Dr. Jordan Chanler-Berat
Dr. Pritchard had an 83 yr old man hx of ESRD come in with nausea and vomiting, had missed one episode of dialysis. Patient was hypotensive on presentation, sepsis workup initiated. Labs revealed an elevated lactate with no source of infection. Dr. JCB came onto the shift and did an ECHO for undifferentiated hypotension and found a clot in transit. Patient had a CT done which showed extensive PE burden and right heart strain. Drs. M. Chang & Kramer did a followup scan which showed no clot. Images 1 and 2 show the clot on the tricuspid valve.
Drs. Stephen Simon & Avinash Viswanath
Dr. NYCMike had a 30 yr old dude come in with shortness of breath, physical exam with absent breath sounds on the left lung, leading diagnosis pneumothorax. Ultrasound was performed with patient sitting upright and revealed very large pleural effusion. Patient was tachypneic, decision was made to place a chest tube. Dr. Simon performed an interscalene nerve block and Dr. Chang was able to place a chest tube in with no discomfort to the patient who was chillin during the whole procedure. Another lung ultrsaound was done which showed lung point and XR confirmed pneumothorax. Chest tube drained 3L of sanguinous fluid, patient admitted and found to have PE and possible pancreatic cancer.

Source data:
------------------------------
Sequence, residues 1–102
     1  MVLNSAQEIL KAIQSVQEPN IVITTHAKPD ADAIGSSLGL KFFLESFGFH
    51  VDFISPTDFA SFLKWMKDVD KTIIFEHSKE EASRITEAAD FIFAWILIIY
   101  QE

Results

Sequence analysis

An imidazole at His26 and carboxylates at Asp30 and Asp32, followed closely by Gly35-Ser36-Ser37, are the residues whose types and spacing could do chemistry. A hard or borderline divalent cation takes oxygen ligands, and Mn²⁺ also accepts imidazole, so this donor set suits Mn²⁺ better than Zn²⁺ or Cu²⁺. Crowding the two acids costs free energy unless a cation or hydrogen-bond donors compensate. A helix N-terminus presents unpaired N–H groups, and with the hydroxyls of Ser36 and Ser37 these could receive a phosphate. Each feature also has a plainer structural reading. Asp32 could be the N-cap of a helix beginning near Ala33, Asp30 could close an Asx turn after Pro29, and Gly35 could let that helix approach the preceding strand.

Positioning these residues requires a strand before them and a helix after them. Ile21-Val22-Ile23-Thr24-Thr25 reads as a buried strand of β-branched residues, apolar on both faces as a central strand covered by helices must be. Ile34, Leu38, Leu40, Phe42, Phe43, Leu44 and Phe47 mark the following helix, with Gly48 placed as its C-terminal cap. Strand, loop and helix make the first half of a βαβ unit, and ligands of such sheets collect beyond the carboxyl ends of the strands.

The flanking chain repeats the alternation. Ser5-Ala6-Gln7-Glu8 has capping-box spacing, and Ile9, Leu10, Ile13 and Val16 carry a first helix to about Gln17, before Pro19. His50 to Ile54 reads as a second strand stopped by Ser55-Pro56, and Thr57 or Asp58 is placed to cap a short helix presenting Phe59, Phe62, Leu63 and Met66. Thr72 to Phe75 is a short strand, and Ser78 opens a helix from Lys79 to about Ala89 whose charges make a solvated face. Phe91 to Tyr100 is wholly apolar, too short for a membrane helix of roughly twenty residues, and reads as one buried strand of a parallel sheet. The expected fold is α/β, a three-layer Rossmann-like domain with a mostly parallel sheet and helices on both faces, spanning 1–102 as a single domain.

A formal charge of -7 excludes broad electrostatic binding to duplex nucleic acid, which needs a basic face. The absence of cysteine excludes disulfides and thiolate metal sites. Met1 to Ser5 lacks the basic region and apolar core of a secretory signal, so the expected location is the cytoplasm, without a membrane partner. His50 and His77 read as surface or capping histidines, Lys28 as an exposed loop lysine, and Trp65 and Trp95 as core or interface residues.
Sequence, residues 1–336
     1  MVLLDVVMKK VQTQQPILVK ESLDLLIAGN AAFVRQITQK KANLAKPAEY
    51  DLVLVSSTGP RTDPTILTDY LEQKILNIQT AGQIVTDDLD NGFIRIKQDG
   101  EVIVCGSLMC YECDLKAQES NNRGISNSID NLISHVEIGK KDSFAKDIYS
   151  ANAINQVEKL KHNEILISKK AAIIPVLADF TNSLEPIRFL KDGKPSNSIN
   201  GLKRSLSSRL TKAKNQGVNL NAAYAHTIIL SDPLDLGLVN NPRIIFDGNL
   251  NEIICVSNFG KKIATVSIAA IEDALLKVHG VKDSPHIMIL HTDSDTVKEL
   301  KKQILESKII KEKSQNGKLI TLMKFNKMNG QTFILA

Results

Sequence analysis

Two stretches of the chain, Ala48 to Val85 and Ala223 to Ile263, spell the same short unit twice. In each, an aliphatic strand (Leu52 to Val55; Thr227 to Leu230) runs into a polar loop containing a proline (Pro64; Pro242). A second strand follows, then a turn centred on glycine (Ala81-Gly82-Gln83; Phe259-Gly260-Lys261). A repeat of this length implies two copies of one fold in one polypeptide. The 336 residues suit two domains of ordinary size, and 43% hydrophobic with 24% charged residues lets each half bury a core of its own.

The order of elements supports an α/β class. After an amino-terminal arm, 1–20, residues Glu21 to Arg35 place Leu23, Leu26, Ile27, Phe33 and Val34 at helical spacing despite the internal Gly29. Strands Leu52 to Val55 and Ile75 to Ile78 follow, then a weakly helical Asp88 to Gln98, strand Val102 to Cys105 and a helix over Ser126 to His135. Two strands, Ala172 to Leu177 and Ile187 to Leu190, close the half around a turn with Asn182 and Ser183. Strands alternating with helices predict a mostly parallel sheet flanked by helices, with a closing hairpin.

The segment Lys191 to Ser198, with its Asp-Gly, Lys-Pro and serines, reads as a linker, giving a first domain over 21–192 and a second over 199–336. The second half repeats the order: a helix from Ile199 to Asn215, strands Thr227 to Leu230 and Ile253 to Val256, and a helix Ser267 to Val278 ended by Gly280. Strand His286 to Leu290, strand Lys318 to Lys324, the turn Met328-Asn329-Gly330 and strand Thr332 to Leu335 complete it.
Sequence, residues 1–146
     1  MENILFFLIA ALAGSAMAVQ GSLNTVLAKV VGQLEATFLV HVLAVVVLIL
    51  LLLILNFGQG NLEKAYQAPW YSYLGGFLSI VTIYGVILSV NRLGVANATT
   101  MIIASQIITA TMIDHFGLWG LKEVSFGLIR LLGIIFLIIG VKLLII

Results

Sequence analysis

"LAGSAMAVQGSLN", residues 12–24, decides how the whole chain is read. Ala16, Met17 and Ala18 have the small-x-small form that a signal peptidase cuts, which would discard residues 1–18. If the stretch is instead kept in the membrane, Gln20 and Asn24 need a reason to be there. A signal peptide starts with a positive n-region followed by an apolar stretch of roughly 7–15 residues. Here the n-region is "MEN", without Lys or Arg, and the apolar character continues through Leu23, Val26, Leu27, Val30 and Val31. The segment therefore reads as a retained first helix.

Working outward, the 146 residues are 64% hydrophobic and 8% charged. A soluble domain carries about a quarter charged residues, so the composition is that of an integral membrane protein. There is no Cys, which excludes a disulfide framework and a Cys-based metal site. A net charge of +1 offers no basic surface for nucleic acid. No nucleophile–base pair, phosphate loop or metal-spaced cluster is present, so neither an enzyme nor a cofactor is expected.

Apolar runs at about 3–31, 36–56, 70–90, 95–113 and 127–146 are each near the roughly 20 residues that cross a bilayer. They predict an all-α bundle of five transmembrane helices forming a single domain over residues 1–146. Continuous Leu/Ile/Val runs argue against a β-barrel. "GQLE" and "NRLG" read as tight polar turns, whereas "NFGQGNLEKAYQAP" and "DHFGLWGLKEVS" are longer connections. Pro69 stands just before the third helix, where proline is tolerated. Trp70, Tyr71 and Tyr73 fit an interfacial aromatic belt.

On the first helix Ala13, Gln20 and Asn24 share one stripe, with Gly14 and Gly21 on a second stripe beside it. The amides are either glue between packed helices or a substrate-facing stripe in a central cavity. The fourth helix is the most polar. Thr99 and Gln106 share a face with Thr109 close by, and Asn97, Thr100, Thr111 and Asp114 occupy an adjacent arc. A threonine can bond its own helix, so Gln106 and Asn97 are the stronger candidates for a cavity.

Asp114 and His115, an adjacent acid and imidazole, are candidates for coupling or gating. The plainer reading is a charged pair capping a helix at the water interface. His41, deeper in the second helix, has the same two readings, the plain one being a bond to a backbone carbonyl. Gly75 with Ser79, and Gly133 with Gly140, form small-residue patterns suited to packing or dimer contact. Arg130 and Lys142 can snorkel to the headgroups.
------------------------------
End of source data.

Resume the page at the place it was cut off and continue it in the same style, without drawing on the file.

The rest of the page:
Drs. Stephen Simon & JCB
Dr. Simon had an 82 yr old male comes in with flank pain and abdominal pain, decision made to do a renal sono. The ultrasound was done which showed perinephric fluid, CT read by VRAD incorrectly as intraperitoneal fluid. Patient had leukocytes and blood in urine, appropriately admitted and treated as possible perinephric abscess. CT read by our radiologist as perinephric fluid. You can differentiate perinephric fluid from intraperitoneal by determining where you see fluid in relation to Gerota's fascia which surrounds the kidney. In this case there is fluid within. Also cool image of adrenal gland visualized due to fluid around it.